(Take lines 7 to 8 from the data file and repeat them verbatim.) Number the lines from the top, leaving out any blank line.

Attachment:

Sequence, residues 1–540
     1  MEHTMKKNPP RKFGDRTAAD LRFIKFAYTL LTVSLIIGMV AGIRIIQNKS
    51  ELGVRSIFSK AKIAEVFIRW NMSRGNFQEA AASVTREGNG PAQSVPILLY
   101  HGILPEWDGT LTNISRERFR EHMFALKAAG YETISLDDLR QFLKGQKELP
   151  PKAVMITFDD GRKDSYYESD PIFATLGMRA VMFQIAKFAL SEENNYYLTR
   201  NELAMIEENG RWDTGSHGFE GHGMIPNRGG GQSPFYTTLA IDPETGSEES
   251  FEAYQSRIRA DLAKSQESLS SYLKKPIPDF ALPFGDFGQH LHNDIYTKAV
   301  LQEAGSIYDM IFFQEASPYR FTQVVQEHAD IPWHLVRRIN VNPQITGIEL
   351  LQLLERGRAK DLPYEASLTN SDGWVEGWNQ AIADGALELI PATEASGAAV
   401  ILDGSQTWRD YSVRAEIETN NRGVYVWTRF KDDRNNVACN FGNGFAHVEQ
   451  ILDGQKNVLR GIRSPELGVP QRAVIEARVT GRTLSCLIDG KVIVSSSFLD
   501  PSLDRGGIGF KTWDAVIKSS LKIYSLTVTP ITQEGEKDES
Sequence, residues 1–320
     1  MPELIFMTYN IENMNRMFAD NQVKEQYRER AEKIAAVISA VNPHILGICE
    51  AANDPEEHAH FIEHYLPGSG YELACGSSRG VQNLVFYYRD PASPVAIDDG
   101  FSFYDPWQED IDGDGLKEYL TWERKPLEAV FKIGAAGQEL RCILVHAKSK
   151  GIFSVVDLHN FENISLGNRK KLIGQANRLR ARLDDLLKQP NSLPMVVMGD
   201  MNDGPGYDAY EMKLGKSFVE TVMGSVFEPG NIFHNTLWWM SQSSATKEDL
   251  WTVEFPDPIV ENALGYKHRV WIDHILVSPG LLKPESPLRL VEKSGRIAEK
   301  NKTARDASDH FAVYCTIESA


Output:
   251  FEAYQSRIRA DLAKSQESLS SYLKKPIPDF ALPFGDFGQH LHNDIYTKAV
   301  LQEAGSIYDM IFFQEASPYR FTQVVQEHAD IPWHLVRRIN VNPQITGIEL